However, there are some "gotchas" that I've bumped into when using them, and I'm hoping that sharing these experiences will help someone out there if they're banging their head against a wall.

One gotcha was getting empty results, even though the equivalent SQL query was definitely returning something.

By default, the dynamic query API uses the current thread's class loader rather than the portal class loader. Because the Impl classes can only be found in Liferay's class loader, when you try to utilize the Dynamic Query API for plugins that are located in a different class loader, Hibernate silently returns nothing instead.

A solution is to pass in the portal class loader when you're initializing your dynamic query object, and Hibernate will know to use the portal class loader when looking for classes.

DynamicQuery query =
		UserGroupRole.class, PortalClassLoaderUtil.getClassLoader());

A second gotcha was figuring out how to use SQL projections (more commonly known as the stuff you put in the SELECT clause), the most common cases being to select a specific column or to get a row count.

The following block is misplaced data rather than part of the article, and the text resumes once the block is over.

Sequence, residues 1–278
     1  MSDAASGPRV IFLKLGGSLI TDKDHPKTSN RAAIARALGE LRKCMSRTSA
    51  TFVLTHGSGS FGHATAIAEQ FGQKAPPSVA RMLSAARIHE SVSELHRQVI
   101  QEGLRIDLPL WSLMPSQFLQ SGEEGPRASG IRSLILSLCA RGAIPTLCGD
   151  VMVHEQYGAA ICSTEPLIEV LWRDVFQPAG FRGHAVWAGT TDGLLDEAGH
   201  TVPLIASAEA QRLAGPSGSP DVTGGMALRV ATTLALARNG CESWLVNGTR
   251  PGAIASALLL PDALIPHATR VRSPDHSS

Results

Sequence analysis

The gotcha was that the sample documentation on the Liferay Wiki uses Hibernate's DetachedCriteria classes, and trying to add Projections.rowCount() to a DynamicQuery object gave me a compile error, because the Liferay DynamicQuery object requires using Liferay's version of the Projection class, rather than the Hibernate version.

To resolve this gotcha, you can use ProjectionFactoryUtil to get the appropriate object.


A third gotcha was a "could not resolve property" error when I tried to add a restriction via RestrictionsFactoryUtil. Even though it looked like the bean class definitely had that attribute defined in portal-hbm.xml, Hibernate wasn't able to figure out what property needed to be used.

The gotcha is that some of Liferay's objects use composite keys. When using composite keys with Hibernate's detached criteria and Liferay's dynamic queries, the name of the property must include the name of the composite key. In the case of the Hibernate definitions created by Liferay's Service Builder, composite keys are always named primaryKey.

Therefore, the solution is to use primaryKey.userId instead of userId.

Criterion criterion =
	RestrictionsFactoryUtil.eq("primaryKey.userId", userId);

A fourth gotcha is that even if you don't specify a projection (thus resulting in a default of selecting all columns and implied "give me the entity"), casting directly to a List<T> won't work as it does in custom finders, because you're getting back a List<Object>, not a List.

The quick and dirty solution is to either (a) use addAll on a List and typecast (simulating what happens in a custom finder), or (b) add each result to a List<T> (cleaner to read).

Adding a Plugins Portlet to the Control Panel

Company Blogs December 30, 2008 By Minhchau Dang Staff